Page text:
Thompson Rivers University

Indigenous graduates honoured at ceremony

June 16, 2023

2023 TRU Indigenous graduates

Surrounded by friends, family and the Thompson Rivers University (TRU) Kamloops community, 30 Indigenous graduates entered the Brown Family House of Learning, HL 190, on Tuesday, June 6, walking in rhythm to the powerful drumbeats and singing of the Sage Hills singers.

Some students wore traditional clothing, while others did not, but all were unified with the pride of their accomplishments.

The ceremony included Tk’emlúps te Secwépemc Elder Charlotte Manuel, Indigenous Education Associate Director Vernie Clement, master of ceremony and TRU alum Gord Cuthbert, Tk’emlúps te Secwépemc Chief and Council Tkwenem7íple7 (Councillor) Joshua Gottfriedsen, TRU Chancellor and former Chief of the Simpcw First Nation Nathan Matthew, President and Vice-Chancellor Dr. Brett Fairbairn, Provost and Vice-President Academic Dr. Gillian Balfour, Executive Director Indigenous Education Tina Matthew and faculty and staff of TRU.

Student success

“This is a really special day for all of you but also for us,” said Fairbairn, addressing the students. “I know your communities are so proud of you and what you’ve accomplished. And I know all of us at TRU are excited for what you’ve done, and what you’re going to do next.”

“TRU is proud to host the highest number of Indigenous students of any post-secondary in BC,” said Tina Matthew, adding that both TRU campuses were awarding a total of 166 credentials to Indigenous students during convocation week, June 7 – 9.

Valedictorian Jesse Young, Juris Doctor (law)

“We’ve become the university of choice for Indigenous people,” said Nathan Matthew. “That’s something to be proud of, something to be proud to be a part of. Certainly, I am.”

Future leaders

For valedictorian Jesse Young, Juris Doctor (law), of the Métis Nation and Shawnee First Nation, the evening was bittersweet. His father passed away from cancer shortly before Young entered law school and his mother lost her battle with emphysema and chronic obstructive pulmonary disease while he was a student.

“Unfortunately, my two biggest supporters, my parents, aren’t here with us today,” Young told his classmates and attendees during his speech. “Although they’re not here, I know they are watching, know they’re proud, and this speech, and all my accomplishments, are dedicated to them. I love you, mom and dad.”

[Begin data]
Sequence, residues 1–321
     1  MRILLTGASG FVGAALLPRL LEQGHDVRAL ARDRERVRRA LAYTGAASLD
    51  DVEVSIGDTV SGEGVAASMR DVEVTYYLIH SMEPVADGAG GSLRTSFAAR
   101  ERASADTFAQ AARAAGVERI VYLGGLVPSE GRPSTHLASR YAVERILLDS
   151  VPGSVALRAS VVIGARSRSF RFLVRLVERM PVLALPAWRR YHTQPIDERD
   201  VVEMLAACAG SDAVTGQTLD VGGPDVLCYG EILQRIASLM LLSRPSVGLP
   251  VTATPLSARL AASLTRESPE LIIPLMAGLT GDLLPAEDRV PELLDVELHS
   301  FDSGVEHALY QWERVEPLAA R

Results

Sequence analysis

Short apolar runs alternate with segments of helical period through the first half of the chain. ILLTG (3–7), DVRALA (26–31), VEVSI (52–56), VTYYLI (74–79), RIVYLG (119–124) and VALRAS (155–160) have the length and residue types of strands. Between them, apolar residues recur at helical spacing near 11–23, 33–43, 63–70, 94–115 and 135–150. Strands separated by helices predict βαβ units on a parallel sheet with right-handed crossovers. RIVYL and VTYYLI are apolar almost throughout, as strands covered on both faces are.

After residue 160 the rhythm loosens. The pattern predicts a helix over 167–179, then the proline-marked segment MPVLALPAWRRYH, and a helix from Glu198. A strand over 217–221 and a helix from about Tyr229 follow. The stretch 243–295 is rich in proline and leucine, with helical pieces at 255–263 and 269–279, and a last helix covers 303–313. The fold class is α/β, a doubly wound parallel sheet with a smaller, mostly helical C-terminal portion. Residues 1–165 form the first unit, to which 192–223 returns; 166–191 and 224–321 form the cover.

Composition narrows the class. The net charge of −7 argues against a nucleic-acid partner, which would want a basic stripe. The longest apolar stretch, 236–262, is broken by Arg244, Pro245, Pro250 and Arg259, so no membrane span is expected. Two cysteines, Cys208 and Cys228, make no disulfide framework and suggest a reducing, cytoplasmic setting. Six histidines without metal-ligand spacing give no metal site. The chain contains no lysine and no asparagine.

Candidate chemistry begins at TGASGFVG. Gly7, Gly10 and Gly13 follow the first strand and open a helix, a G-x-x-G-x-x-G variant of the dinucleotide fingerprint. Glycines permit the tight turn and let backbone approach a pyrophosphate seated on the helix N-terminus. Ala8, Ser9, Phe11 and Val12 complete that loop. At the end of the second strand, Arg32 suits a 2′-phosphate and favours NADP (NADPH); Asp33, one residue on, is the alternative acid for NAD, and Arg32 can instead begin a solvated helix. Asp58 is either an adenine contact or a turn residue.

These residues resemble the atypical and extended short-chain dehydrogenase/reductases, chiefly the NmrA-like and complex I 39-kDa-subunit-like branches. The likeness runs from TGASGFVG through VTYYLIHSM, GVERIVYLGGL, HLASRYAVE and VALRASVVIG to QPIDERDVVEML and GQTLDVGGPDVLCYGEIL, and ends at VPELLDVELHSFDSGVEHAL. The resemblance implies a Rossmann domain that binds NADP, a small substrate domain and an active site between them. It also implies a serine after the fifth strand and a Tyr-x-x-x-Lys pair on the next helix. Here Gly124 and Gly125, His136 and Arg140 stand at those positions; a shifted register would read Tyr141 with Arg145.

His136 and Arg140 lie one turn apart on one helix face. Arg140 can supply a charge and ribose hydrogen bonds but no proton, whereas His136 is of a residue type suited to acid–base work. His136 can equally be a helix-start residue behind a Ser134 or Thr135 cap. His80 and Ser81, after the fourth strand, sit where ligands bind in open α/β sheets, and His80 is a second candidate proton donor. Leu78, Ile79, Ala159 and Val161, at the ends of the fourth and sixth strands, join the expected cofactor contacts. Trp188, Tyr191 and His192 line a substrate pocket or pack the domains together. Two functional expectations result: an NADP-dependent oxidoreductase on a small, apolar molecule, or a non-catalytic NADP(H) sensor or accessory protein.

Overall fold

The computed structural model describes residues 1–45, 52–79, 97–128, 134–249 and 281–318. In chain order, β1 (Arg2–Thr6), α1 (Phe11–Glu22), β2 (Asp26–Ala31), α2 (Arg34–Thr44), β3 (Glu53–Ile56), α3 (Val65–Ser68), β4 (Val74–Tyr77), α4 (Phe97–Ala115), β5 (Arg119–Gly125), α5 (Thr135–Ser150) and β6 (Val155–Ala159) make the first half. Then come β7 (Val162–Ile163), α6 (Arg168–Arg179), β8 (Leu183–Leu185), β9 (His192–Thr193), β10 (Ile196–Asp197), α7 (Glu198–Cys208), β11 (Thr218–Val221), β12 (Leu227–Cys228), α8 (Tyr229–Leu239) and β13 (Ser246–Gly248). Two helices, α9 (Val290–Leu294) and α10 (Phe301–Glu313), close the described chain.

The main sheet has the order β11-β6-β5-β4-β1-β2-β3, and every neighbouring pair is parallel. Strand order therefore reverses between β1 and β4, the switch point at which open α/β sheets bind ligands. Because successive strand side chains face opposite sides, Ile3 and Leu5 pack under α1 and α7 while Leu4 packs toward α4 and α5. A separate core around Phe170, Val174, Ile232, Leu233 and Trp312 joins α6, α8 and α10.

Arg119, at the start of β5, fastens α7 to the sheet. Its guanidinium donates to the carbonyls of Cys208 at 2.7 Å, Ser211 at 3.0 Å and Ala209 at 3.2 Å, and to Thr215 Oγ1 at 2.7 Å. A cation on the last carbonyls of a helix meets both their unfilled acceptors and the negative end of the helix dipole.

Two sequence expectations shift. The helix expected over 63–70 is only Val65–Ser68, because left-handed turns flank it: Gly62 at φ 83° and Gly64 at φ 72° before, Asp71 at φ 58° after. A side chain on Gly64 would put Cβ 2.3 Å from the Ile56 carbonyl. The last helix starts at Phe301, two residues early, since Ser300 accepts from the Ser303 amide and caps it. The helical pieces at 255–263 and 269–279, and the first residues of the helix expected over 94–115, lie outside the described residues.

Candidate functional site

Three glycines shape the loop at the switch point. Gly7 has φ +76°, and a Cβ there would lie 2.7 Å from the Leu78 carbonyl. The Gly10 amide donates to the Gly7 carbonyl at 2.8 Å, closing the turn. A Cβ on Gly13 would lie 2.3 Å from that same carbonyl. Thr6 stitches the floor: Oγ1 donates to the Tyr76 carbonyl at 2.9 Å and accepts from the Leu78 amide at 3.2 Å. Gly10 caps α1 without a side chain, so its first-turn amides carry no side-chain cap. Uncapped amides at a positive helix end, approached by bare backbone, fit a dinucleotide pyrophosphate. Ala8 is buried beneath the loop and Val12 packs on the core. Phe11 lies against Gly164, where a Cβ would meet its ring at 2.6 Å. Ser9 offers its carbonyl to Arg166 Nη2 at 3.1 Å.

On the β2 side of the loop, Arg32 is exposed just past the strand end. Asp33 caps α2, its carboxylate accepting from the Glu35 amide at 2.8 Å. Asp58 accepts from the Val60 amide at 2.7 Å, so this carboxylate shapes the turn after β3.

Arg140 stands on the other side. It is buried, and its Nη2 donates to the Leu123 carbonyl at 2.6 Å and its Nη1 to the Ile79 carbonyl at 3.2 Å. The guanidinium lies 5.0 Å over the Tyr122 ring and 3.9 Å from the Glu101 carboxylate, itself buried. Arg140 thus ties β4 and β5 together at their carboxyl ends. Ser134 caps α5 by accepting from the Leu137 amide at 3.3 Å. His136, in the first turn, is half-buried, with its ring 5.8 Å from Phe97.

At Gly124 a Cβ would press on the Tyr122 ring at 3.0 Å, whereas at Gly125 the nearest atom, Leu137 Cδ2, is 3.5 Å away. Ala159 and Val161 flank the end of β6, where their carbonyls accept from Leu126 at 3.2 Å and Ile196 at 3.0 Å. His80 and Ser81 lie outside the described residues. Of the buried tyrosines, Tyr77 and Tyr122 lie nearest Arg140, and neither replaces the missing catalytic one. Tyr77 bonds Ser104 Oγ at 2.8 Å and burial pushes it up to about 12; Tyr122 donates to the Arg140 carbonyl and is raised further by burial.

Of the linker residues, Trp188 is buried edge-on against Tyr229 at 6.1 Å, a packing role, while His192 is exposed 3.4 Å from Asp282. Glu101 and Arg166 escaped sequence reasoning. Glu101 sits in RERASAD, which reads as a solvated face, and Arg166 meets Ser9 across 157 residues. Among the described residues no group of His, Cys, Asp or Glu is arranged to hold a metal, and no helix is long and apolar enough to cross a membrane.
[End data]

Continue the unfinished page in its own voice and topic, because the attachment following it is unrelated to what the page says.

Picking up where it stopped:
Young recognized those who provided support during what came to be challenging times for him and his family, including law faculty member Nicole Schabus, everyone at Cplul’kw’ten (House 5) and his peers from the Indigenous Law Students Association.

“It was the hardest but probably the best three years of my life,” he said.

Young asked his fellow graduates to recognize how far they’ve come, and the good work they’ll do going forward.

“Today is a testament to our perseverance, resilience and unyielding determination,” he said. “We encountered obstacles along the way, yet through it all we refused to give up. Let us be conscious of the privilege we have received and use it responsibly to help those who have been marginalized. Let us strive for excellence and use our expertise to address the pressing challenges of our time.”

Faculty of Arts valedictorian Olivia Lane

Faculty of Arts valedictorian Olivia Lane, who learned of her Métis heritage only five years ago, was honoured to speak at the ceremony.

“I’m very thankful and excited that my family gets to partake and see something that’s more Indigenous,” she said. “They get to see other nations and how Indigenous people come together, which is powerful.”

Lane also recognized her supporters at TRU, including Métis Elder Sandi Hendry, faculty members Drs. Serena George and Jenny Shaw, and Secwépemc Indigenous Mentor and Communications Co-ordinator Marie Sandy at Cplul’kw’ten (House 5).

“House 5 has been the backbone of my cultural journey at TRU,” said Lane. “I was welcomed there with open arms and was taught how to be a strong Métis woman.”

During the ceremony, Lane provided hopeful words to her fellow graduates.

“Being here today demonstrates how tough and resilient we as Indigenous peoples are,” she said. “You have proven yourselves to be the leaders our people need to flourish. Let us continue to support those who follow in our footsteps.”

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